children playing

Disaster capitalism as neoliberal instrument for the construction of early childhood education/care policy: Charter schools in post-Katrina New Orleans

Printer-friendly versionSend by emailPDF version
Perez, M. S., & Cannella, G. S.
Publication Date: 
29 Aug 2012

Excerpted from introduction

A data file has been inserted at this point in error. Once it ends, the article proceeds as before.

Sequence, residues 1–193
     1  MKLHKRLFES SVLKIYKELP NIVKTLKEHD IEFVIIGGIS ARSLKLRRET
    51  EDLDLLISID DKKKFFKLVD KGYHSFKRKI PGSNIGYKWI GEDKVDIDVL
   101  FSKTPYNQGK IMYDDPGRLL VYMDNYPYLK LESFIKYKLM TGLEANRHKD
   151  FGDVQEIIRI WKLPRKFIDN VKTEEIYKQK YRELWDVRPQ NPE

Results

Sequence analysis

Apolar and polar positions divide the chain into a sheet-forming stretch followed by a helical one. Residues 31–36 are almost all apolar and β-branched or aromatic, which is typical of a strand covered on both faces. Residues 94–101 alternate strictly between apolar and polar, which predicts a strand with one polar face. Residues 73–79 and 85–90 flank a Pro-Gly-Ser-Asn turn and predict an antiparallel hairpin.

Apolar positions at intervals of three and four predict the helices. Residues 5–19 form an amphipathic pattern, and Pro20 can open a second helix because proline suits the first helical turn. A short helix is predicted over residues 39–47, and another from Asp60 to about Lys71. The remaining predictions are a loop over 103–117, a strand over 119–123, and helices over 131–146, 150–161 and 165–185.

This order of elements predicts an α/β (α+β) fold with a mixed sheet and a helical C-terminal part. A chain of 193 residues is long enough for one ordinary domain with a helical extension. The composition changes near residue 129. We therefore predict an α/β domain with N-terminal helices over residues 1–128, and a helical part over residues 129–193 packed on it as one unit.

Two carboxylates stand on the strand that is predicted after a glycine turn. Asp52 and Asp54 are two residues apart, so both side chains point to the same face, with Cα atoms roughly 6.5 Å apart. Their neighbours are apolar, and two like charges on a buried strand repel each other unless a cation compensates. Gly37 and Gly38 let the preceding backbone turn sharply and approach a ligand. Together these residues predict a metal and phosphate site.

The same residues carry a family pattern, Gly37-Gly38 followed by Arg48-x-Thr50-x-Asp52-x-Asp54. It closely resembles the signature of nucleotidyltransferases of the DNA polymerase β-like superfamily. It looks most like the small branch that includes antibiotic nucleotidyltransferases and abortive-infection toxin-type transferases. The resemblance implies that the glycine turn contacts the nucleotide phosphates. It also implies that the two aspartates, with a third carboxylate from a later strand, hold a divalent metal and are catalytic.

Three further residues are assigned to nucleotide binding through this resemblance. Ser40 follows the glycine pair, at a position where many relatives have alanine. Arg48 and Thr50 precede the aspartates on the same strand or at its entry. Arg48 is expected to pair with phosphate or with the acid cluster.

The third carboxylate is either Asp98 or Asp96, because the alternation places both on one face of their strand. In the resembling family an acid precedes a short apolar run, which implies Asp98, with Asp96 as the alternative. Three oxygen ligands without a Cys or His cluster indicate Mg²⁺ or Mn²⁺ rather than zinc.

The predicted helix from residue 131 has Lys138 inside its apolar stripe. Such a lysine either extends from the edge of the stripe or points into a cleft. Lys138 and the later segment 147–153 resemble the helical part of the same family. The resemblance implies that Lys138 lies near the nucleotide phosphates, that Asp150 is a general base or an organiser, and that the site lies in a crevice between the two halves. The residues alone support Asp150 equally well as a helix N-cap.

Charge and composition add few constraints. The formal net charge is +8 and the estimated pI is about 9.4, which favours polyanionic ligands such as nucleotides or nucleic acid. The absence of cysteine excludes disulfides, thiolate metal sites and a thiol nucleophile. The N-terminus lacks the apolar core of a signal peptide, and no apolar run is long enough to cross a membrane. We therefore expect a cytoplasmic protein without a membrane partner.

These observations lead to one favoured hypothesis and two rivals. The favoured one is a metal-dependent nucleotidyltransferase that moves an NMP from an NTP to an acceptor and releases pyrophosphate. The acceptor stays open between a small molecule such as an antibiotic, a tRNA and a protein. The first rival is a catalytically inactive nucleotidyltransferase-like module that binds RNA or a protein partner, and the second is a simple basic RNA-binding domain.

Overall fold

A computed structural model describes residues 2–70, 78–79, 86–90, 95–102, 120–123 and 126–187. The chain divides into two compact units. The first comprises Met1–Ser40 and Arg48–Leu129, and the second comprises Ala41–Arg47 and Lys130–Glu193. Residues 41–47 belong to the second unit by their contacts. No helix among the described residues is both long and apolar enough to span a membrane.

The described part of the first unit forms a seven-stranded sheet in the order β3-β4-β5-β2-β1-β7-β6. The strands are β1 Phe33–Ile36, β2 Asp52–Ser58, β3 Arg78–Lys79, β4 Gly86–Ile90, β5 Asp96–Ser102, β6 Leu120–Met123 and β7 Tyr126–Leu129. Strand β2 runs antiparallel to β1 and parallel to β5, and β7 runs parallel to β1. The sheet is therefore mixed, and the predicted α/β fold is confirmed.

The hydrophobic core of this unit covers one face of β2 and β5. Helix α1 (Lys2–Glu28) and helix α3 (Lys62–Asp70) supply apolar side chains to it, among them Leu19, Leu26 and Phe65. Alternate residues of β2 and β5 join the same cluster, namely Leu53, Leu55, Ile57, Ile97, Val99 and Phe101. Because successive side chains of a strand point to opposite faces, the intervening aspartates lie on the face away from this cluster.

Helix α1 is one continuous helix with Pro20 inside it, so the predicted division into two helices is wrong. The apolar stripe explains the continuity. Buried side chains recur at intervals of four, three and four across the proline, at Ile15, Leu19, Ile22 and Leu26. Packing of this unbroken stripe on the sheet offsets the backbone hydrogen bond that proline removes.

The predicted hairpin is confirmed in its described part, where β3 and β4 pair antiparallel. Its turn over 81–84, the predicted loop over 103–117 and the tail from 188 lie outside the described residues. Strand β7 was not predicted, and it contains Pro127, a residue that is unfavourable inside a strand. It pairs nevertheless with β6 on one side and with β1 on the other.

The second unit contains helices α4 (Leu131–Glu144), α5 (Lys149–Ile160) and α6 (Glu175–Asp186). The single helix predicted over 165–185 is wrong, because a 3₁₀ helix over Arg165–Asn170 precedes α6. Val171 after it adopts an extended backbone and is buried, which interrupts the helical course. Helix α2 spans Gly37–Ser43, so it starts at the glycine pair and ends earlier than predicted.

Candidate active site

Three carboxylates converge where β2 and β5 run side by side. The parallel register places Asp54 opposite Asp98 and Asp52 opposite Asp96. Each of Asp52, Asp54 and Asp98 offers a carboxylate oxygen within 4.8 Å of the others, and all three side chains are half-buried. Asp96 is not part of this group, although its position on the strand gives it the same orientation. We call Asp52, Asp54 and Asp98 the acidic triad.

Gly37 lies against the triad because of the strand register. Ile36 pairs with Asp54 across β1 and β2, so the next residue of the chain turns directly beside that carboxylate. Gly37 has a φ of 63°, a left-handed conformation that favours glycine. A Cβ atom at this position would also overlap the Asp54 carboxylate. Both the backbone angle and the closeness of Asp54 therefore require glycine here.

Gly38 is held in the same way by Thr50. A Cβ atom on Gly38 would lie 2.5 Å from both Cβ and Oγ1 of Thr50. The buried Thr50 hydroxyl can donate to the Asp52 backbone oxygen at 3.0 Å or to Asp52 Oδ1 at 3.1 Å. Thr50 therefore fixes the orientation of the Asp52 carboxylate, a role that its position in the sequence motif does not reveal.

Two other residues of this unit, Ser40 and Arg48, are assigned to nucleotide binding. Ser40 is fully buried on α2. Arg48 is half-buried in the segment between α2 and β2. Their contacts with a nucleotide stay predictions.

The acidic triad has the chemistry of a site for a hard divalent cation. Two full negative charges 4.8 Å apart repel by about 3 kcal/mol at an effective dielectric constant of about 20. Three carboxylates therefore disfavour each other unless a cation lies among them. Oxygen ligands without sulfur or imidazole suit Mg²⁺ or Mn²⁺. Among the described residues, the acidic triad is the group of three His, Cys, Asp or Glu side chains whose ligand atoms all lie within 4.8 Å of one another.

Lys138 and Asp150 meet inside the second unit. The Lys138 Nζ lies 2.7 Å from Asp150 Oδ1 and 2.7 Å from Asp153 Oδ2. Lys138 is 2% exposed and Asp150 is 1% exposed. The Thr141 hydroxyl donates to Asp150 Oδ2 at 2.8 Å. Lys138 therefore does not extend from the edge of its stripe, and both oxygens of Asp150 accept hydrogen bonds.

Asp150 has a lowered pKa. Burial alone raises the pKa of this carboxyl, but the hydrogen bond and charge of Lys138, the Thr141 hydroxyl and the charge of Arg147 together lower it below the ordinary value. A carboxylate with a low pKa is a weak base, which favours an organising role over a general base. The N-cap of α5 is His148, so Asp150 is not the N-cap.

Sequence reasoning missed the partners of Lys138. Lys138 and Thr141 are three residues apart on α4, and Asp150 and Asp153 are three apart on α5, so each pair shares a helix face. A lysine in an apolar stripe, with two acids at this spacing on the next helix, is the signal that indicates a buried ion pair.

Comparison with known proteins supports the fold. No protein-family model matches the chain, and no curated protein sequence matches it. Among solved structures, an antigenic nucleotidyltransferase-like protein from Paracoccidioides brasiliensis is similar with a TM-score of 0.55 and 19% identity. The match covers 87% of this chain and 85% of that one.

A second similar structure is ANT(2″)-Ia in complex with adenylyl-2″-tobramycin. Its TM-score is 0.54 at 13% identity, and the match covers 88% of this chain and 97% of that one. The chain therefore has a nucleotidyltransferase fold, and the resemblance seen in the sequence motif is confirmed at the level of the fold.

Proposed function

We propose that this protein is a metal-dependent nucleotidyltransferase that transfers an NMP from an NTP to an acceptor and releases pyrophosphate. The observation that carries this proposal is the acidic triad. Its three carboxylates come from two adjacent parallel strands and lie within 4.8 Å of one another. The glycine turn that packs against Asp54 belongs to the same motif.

This article is taken, with publisher permission, from the Rethinking Childhood Series book: Cannella, G. S. & Diaz Soto, L. (Eds.) (2010).Childhoods; A Handbook. NY: Peter Lang. This paper examines the impact of neoliberalism on early childhood education, care, and policy both as a global phenomenon and in the form of disaster capitalism in post-Katrina New Orleans. Neoliberalism is discussed in general terms and then analyzed through a critical, feminist, poststructural, and postcolonial lens in orderto reveal the way in which early childhood policy and practices in the United States (such as with NCLB, school choice initiatives, and the charter school movement) have been used as mechanisms to control and privatize services like public education for young children, creating vast inequities and denying access to a free and appropriate education for many.The reader is referred to the complete book for additional critical, feminist, post-structural, reconceptualist analyses on social justice issues within early childhood studies.